Registered Nurse (RN) Career Overview

by NurseJournal Staff
Reviewed by Nicole Galan, RN, MSN

Registered nurses (RNs) provide care to and educate patients in hospitals, physician offices, schools, nursing homes, and other settings. They work under the supervision of nurse practitioners (NPs) and physicians and may supervise the work of nursing assistants.

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Registered Nurse (RN) Career Overview
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What Does a Registered Nurse Do?

Diploma, ADN, or BSN required
certification required

RNs provide care to patients by assessing and monitoring their condition, assisting physicians during medical procedures, administering treatments prescribed by the healthcare provider, such as a physician, physician's assistant, or NP, performing diagnostic tests, operating medical equipment, and educating patients on follow-up care.

Their primary skills and responsibilities include the following tasks:

A young female Asian-American nursing student sitting in a large, classroom asks a question during class.

Image Credit: SDI Productions / E+ / Getty Images

Where Do RNs Work?

RNs work in virtually every healthcare setting, including hospitals, private physician practices, residential care (such as nursing homes), health clinics, and urgent care centers.

Hospitals (State, Local, and Private)

In hospitals, RNs monitor patients' health and perform tests, deliver care such as dressing wounds or administering treatments, supervise CNAs and other assistants, and collaborate with other healthcare providers.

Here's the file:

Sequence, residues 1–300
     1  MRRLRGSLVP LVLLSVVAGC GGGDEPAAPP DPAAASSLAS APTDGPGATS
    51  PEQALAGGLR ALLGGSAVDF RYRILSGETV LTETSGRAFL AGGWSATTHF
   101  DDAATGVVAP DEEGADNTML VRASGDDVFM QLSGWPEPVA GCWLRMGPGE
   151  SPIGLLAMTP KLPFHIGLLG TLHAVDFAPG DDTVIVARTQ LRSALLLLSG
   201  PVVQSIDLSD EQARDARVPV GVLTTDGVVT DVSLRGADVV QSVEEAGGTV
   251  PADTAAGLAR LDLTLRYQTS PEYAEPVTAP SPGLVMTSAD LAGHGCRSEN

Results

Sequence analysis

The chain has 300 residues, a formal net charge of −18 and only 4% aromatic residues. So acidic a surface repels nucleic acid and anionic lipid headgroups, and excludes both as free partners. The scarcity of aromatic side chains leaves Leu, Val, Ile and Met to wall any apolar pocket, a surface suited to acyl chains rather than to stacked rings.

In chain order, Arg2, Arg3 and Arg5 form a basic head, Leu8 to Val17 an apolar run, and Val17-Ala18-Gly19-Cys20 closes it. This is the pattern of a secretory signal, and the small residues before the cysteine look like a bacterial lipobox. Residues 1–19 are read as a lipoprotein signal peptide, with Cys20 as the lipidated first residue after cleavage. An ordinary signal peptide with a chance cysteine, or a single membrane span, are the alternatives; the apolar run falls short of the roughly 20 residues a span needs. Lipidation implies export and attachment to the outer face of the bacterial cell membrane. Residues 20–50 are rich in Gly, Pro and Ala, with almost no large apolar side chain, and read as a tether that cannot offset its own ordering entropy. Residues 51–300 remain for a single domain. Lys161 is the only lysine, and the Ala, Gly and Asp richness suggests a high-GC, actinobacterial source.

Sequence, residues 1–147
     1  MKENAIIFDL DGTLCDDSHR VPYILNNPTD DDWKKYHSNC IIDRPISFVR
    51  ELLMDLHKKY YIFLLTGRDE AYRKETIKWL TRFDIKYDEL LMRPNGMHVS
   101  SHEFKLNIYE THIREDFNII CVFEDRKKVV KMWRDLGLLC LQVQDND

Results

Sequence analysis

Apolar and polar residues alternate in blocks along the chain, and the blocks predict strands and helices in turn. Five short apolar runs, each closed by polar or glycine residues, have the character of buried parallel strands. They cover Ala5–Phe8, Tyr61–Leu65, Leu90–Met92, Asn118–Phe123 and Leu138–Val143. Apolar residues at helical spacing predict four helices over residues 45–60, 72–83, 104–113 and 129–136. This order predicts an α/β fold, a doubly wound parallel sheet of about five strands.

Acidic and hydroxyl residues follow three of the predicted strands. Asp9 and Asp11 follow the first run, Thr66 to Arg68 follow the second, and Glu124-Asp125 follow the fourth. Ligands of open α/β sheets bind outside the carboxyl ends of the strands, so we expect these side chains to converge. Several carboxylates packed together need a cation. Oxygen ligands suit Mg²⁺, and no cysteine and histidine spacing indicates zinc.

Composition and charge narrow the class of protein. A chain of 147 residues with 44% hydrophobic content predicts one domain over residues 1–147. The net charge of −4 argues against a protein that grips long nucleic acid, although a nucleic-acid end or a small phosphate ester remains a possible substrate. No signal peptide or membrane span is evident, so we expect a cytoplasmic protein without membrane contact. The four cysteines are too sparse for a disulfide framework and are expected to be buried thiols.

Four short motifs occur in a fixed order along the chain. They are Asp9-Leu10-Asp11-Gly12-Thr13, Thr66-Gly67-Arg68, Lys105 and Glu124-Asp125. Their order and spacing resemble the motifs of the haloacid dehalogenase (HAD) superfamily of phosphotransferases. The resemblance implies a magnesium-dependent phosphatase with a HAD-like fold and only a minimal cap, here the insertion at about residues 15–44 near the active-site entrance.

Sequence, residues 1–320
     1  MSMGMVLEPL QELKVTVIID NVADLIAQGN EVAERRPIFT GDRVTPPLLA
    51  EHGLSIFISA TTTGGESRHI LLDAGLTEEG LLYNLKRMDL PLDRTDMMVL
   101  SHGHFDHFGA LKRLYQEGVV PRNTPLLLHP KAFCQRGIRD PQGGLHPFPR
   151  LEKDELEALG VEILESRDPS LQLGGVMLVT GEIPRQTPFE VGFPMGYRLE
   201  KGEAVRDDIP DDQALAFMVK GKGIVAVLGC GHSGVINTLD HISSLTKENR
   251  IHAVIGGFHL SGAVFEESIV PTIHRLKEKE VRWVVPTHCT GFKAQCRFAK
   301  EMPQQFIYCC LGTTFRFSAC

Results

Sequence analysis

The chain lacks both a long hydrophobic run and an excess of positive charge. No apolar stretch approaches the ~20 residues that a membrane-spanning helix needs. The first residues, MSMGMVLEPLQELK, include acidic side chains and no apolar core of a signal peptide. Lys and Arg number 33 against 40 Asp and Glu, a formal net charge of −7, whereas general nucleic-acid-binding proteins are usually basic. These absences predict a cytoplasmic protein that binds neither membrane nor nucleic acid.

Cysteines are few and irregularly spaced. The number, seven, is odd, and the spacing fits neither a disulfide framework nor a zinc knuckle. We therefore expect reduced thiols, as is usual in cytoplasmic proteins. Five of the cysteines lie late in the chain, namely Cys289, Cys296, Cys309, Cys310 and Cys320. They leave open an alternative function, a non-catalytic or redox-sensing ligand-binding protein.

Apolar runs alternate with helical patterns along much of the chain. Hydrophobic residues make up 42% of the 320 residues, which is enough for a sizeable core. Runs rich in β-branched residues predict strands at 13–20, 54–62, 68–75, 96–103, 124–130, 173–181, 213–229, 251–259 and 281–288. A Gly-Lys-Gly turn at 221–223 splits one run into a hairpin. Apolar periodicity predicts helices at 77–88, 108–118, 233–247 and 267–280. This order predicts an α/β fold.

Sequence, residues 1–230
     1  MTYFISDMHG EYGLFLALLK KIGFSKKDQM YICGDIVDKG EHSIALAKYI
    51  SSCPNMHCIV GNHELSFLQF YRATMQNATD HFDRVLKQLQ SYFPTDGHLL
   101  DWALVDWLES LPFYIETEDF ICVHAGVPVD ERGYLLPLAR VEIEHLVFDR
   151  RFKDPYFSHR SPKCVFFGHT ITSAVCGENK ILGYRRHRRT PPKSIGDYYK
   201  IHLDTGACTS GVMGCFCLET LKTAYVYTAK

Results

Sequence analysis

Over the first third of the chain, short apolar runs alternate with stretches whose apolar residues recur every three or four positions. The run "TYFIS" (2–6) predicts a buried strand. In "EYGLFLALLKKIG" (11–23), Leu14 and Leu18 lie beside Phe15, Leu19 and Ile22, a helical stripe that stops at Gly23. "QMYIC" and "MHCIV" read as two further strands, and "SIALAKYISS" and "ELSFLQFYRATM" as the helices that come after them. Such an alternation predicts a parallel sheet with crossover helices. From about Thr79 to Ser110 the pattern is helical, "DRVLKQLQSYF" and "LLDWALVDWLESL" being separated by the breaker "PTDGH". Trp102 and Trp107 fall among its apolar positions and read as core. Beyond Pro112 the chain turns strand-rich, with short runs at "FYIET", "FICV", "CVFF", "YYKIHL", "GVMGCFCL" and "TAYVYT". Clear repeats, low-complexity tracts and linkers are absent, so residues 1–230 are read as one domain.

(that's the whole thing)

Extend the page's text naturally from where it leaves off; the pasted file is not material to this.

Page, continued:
Ambulatory Healthcare Services

In ambulatory healthcare services settings, such as physician practices, RNs take medical histories, answer patient questions, and supervise assistants.

Nursing and Residential Care Facilities

In nursing and residential care facilities, RNs administer care, perform medical tests and monitoring, oversee the work of certified nursing assistants, and act as liaisons to patients' families.

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Why Become an RN?

RNs are the most trusted profession in the United States. Nurses with more advanced credentials such as a bachelor of science in nursing (BSN) earn salaries well above the national median salary, and the demand for RNs is growing.

Advantages to Becoming an RN

A profession that others trust and respect Above-average salaries for highly credentialed nurses and good benefits Career growth potential in administration or further education for a NP role Opportunities to make a difference in patients' lives and health

Disadvantages to Becoming an RN

Healthcare settings bring a risk of injury or illness Inpatient and residential care schedules are especially demanding High pressure and many priorities Exposure to body fluids and waste Limited professional autonomy within scope and practice

How To Become a Registered Nurse

To become an RN, students should expect to complete 2 to 4 years of education, achieve a passing score on the NCLEX-RN exam, and receive licensure from their state board of nursing.

Complete prerequisites for an associate degree in nursing (ADN) or BSN.
ADN and BSN programs require a high school diploma or GED, an application that includes a personal statement or essay, and official transcripts. BSN programs and many ADN programs also require recommendations. BSN programs typically require high school coursework in math and science. Students with GPAs above 3.0 and high scores on standardized tests are more likely to be admitted to competitive BSN programs.
Apply to an ADN or BSN program.
An ADN degree program usually takes two years and costs less per credit hour than a BSN program. A BSN program takes four years and costs more, but graduates earn higher salaries and have more opportunities for advancement.
Attend ADN or BSN classes.
Topics include human anatomy and physiology, nursing theory and skills, pharmacology, and pathophysiology. BSN programs cover more theoretical grounding and in-depth topics.